Touch base dialogues with things: Responsible IoT & tangible interfaces
By Iskander Smit
The ThingsCon report The State of Responsible IoT is a collection of essays by experts from the inter-disciplinary ThingsCon community of #IoT practitioners. It explores the challenges, opportunities and questions surrounding the creation of a responsible & human-centric Internet of Things (IoT). For your convenience you can read it on Medium or download a PDF.
End of 2017 Google & Levi’s will introduce a jacket on the market that is a result of a long research program Project Jacquard by Google ATAP. It may be the first big introduction of ‘smart garment’ on the market, at least one by big players. In the fashion tech scene a lot of experiments are done over the last years, often focusing on the identity of the person wearing the fashion, changing behaviour based on the wearer’s feelings. Other garments actively react to the outside world, like the BB.Suit by ByBorre that creates a personal bubble of clean air if the wearer is in a polluted city like Beijing. All of these are still rather conceptual though. We also see near-skin devices that merge the physical and digital: Digital and physical experiences are not that different anymore. Embodiment of the digital is a concept that is emerging and moving into the mainstream. At its core this is an iteration of tangible user interfaces (TUI). Where TUI is a new form of interacting with digital information, embodiment makes your physical behaviour and feeling part of the digital environment.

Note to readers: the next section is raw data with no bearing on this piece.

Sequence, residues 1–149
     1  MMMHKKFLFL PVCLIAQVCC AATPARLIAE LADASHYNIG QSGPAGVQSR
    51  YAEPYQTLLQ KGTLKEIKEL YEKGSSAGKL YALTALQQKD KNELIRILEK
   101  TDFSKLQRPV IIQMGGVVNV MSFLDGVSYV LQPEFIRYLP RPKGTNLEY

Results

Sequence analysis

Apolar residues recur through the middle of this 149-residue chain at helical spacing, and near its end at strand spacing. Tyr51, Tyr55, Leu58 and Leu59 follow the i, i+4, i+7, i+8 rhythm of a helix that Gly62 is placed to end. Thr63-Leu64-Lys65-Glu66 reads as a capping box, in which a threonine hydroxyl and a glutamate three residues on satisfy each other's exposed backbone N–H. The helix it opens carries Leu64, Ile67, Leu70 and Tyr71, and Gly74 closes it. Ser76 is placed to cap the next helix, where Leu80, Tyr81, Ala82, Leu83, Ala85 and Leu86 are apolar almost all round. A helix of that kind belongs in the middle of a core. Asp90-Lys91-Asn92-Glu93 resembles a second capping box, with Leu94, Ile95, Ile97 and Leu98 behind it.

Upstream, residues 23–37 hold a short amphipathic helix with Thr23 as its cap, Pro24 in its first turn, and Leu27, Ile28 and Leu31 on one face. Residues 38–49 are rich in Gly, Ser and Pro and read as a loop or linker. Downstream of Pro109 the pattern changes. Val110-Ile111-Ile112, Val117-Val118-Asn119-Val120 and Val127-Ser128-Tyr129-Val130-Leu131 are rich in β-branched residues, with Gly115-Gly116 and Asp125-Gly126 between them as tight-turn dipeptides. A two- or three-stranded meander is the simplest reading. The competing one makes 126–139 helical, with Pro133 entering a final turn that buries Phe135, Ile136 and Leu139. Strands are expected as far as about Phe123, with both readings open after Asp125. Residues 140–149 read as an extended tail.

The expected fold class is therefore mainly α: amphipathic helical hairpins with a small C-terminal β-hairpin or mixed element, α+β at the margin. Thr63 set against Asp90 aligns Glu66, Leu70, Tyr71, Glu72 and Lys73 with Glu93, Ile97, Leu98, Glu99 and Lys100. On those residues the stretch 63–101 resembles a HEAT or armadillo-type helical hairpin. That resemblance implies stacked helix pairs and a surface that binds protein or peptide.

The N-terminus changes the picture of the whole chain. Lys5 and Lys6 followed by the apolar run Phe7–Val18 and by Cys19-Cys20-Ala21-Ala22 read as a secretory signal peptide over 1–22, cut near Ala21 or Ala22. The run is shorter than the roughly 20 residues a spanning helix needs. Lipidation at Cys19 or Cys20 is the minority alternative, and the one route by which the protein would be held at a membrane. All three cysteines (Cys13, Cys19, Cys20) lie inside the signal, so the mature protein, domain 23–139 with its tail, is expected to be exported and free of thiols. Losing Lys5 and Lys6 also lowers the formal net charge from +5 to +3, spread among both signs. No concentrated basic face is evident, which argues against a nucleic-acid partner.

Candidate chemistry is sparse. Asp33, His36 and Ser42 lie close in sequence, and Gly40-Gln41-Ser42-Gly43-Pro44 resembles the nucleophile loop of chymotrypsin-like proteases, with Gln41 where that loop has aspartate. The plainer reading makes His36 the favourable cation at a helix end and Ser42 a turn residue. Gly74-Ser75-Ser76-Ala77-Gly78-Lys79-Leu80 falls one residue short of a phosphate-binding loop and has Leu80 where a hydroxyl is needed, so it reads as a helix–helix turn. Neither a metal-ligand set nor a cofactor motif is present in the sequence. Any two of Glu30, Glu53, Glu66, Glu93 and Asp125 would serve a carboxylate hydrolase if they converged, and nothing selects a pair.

One of my favourite explorations into this new marriage of body and bits is the project Surveillance Spaulder of James Bridle where he puts some muscle contracting pads on his shoulder, connect these to a infrared sensor that is triggered by surveillance cameras in London. Every time he passes a camera walking down the street he literally feels he is watched as his shoulder contracts. This is direct link between impulse and action. (In that sense it is not Internet of Things as there is no internet involved, but data-driven nonetheless.) A jacket like the one from ByBorre can let you feel invisible threats, like air pollution. An interesting design question here is how pollution feels: Does a polluted area feel more heavy, does it feel restless by vibrating, or warm? As your phone gets warm because it is inefficiently processing apps, that warmth is a sign of fast drainage of the battery. These kind of direct relations are interesting and can lead to a new language with our things.